On the Line: Arturo Briones of Wildfish, Part Two
Photo by Kevin Lara

On the Line: Arturo Briones of Wildfish, Part Two

Today, we continue our Q&A with Arturo Briones, the executive chef at Wildfish in Newport Beach.

If you missed the first part, click here to read it. And stay tuned tomorrow for a recipe.

What show would you pitch to the Food Network?

Crazy Dishes You Never Tried Before, with Chef Arturo. I like the idea of mixing up different ethnic foods and creating something new.

Weirdest thing you've ever eaten:
Fried bat in Thailand and armadillo and monkey in Mexico.

You're making an omelet. What's in it?
Mushrooms, chorizo, onions, tomatoes, and Cheddar or Jack cheese, all covered with salsa verde.

You're at the market. What do you buy two of?
Desserts! I have a huge sweet tooth. I love cookies, cakes and chocolates.

Weirdest customer request:
We get all sorts of special requests; none of them are weird to me. I want people to eat what they like.

Favorite OC restaurant(s) other than your own:
Tabu in Laguna Beach is always fantastic.

Hardest lesson you've learned:
I'm always learning. In this business, you have to be adaptable to different situations and different people. Instead of the hardest lesson, I'd say the most important lesson I've learned is to be able to keep my focus and perform my job no matter what is thrown my way.

What would your last meal on Earth be?
I would have a feast of my favorite foods: mole con pollo, pizza with jalepenos and mushrooms, linguini with white sauce and shellfish, and orange-peel chicken and shrimp. And for dessert: orange souffle, strawberry cheesecake, fruit crepes, chocolate cake and lots of ice cream!

Who's your hero? Culinary or otherwise?
My dad and my mom. They always told me that no matter what you do, whether you're an architect, a dishwasher or you're washing toilets, be the best at what you do.

What cuisine that you are unfamiliar with would you want to learn more about and why?
I want to learn more about Asian food. I love to eat it, but there's something about Asian cooking that is so mysterious and exciting to me.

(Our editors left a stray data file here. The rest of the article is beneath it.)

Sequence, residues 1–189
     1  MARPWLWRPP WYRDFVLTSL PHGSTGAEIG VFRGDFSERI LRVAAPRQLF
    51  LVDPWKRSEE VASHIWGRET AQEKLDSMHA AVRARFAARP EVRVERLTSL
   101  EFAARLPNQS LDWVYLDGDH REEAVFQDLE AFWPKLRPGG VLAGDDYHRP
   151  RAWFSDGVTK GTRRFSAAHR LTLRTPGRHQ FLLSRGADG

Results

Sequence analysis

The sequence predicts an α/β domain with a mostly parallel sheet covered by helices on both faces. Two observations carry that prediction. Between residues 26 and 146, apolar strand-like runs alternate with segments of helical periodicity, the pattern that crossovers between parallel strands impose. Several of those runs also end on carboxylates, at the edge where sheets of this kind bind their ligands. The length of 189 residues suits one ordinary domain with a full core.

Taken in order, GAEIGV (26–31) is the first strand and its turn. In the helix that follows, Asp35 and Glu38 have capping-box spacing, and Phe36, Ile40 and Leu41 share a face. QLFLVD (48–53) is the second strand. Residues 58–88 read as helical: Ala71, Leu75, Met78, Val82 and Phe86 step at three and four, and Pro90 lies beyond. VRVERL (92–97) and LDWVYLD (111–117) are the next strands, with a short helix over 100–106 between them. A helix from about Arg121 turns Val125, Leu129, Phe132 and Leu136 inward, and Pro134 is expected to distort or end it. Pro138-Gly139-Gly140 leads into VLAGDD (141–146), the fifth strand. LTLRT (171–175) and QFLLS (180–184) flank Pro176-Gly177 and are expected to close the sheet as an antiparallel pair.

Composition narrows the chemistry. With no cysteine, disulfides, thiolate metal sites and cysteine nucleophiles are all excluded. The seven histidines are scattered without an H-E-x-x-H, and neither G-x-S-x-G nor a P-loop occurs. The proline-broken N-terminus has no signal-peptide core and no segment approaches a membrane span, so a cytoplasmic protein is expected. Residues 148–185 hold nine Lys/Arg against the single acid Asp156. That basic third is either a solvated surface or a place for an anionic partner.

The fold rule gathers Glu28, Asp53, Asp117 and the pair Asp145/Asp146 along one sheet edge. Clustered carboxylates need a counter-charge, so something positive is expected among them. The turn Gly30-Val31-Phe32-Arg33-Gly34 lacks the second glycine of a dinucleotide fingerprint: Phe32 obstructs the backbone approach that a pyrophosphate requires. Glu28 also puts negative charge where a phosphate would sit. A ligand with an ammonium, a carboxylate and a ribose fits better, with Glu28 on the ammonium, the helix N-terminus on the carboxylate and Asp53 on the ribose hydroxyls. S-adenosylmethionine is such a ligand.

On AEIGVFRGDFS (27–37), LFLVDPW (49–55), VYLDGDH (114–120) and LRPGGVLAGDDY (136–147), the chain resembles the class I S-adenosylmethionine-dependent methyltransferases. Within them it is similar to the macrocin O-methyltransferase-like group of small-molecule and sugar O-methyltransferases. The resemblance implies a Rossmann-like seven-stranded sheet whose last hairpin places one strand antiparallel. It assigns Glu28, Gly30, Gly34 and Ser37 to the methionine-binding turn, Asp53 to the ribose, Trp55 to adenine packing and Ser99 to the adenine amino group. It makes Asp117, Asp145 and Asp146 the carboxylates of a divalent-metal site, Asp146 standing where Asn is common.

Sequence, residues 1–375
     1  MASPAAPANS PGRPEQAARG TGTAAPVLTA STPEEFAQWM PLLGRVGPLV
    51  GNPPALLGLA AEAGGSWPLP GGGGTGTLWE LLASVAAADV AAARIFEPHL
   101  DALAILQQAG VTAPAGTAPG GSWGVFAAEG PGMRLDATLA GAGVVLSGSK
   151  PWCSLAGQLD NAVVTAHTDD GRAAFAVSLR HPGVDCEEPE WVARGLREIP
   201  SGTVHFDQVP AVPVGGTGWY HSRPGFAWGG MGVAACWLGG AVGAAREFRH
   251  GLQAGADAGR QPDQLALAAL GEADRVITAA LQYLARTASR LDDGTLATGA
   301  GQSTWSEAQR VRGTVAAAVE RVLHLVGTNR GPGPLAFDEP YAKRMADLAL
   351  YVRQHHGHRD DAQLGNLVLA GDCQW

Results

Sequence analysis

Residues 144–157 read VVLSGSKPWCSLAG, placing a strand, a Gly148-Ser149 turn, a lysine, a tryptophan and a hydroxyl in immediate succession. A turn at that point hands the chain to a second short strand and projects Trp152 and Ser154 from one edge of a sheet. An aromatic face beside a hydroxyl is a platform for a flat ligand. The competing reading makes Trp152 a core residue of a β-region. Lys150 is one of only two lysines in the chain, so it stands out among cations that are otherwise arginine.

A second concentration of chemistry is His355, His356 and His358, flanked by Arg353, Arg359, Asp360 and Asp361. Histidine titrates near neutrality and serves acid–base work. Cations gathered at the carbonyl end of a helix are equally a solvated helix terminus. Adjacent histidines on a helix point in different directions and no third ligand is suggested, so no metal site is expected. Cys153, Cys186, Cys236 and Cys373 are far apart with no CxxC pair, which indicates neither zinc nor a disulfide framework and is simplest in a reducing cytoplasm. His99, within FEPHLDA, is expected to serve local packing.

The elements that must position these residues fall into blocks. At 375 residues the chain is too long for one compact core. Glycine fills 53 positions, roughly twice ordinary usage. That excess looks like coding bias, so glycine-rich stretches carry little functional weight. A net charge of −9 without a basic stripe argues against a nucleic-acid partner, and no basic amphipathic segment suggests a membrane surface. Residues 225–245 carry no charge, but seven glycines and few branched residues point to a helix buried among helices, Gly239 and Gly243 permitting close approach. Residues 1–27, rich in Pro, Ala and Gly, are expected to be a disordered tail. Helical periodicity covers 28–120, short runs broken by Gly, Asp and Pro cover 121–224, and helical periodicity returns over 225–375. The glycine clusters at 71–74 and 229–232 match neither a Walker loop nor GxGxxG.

Wildfish is known for having one of the better, if also one of the most generous, happy hours in Orange County, with everything from a Japanese Ishiyaki dish to a massive dish of calamari. Do you ever worry that it's cutting into the rest of the business?
We don't worry that the happy hour is infringing on the dining experience. The intent of the design of the restaurant is for the energy of the bar to spread throughout the restaurant.

Tell us a little about your previous life as an architect.
I got my architect degree from Universidad Nacional Autonoma de Mexico in 1989. I worked for five years as an architect on all kinds of government projects such as bridges and freeways, apartment complexes, and schools. It was really satisfying to see your ideas get created in a large-scale, tangible way.

What kind of food or dish do you and your family eat at home more than any other?
Mostly Mexican. Chile relleno, milanesas, moles and pork in salsa verde are some of our favorites at home.

You are a native of Mexico City. Where would you go in Orange County when you really want authentic food from the D.F.?
El Gallo Giro in Santa Ana makes great carnitas and menudo. Casa Oaxaca, also in Santa Ana, has wonderful moles. La Casa de Isabel in Costa Mesa has great authentic sopes, pambazos and quesadillas.

Of all the restaurants you've worked for over the years, what have you learned about the business that you wish you knew when you first started?
I wish I knew back then that when you work hard and keep the integrity of your work strong, things will always be okay. When I was younger, I didn't have the trust in myself that I have today, and that made it harder.

What dish would you tell Wildfish Seafood Grille newcomers to try first?
We have so many great items, but I think our tuna tartare expresses our culinary philosophy: It's fresh, simply prepared and very flavorful.

What would you be doing if you weren't in this business?
A writer. I've been writing a book about my experiences in Mexico and the United States. I just like to be able to express my ideas; I did that in architecture, and I do that with my cooking. Writing is another way to do that.

What advice do you have for those who might be thinking about starting a career in food?
My son, Arturo Jr., is in culinary school and wants to be a chef. He also works in my Wildfish kitchen. I always tell him, "You can't just show up and cook and follow directions. You have to put your heart and soul into your cooking. Study, learn, practice and have a respect and a love for what you do. This is the key to success."

What do you see yourself doing in five years? In 10 years?
I want to continue in this career and focus on being a good example for my younger chefs. I want to teach them how to broaden their vision for their futures because I have learned that success comes with hard work, passion and high standards. In 10 years, I hope to have written a book or two and share my experiences. I've also entertained the idea of opening my own restaurants, both here and in Mexico.


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